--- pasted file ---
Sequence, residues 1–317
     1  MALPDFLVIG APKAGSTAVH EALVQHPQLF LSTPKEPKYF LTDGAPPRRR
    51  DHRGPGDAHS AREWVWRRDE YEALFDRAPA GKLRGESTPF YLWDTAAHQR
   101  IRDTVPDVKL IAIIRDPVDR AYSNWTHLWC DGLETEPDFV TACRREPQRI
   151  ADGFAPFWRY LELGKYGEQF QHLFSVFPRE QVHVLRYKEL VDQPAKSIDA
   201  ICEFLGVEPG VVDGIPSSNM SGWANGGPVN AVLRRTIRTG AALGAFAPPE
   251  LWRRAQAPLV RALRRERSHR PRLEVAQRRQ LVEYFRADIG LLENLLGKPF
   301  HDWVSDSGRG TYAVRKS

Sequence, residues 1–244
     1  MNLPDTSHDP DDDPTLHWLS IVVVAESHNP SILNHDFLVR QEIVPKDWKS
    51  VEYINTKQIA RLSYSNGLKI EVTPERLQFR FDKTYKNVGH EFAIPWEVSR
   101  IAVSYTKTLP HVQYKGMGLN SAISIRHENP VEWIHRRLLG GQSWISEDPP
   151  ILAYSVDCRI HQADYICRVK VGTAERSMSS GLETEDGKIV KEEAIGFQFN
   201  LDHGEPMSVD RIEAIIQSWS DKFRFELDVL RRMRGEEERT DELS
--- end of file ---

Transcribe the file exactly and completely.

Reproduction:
Sequence, residues 1–317
     1  MALPDFLVIG APKAGSTAVH EALVQHPQLF LSTPKEPKYF LTDGAPPRRR
    51  DHRGPGDAHS AREWVWRRDE YEALFDRAPA GKLRGESTPF YLWDTAAHQR
   101  IRDTVPDVKL IAIIRDPVDR AYSNWTHLWC DGLETEPDFV TACRREPQRI
   151  ADGFAPFWRY LELGKYGEQF QHLFSVFPRE QVHVLRYKEL VDQPAKSIDA
   201  ICEFLGVEPG VVDGIPSSNM SGWANGGPVN AVLRRTIRTG AALGAFAPPE
   251  LWRRAQAPLV RALRRERSHR PRLEVAQRRQ LVEYFRADIG LLENLLGKPF
   301  HDWVSDSGRG TYAVRKS

Sequence, residues 1–244
     1  MNLPDTSHDP DDDPTLHWLS IVVVAESHNP SILNHDFLVR QEIVPKDWKS
    51  VEYINTKQIA RLSYSNGLKI EVTPERLQFR FDKTYKNVGH EFAIPWEVSR
   101  IAVSYTKTLP HVQYKGMGLN SAISIRHENP VEWIHRRLLG GQSWISEDPP
   151  ILAYSVDCRI HQADYICRVK VGTAERSMSS GLETEDGKIV KEEAIGFQFN
   201  LDHGEPMSVD RIEAIIQSWS DKFRFELDVL RRMRGEEERT DELS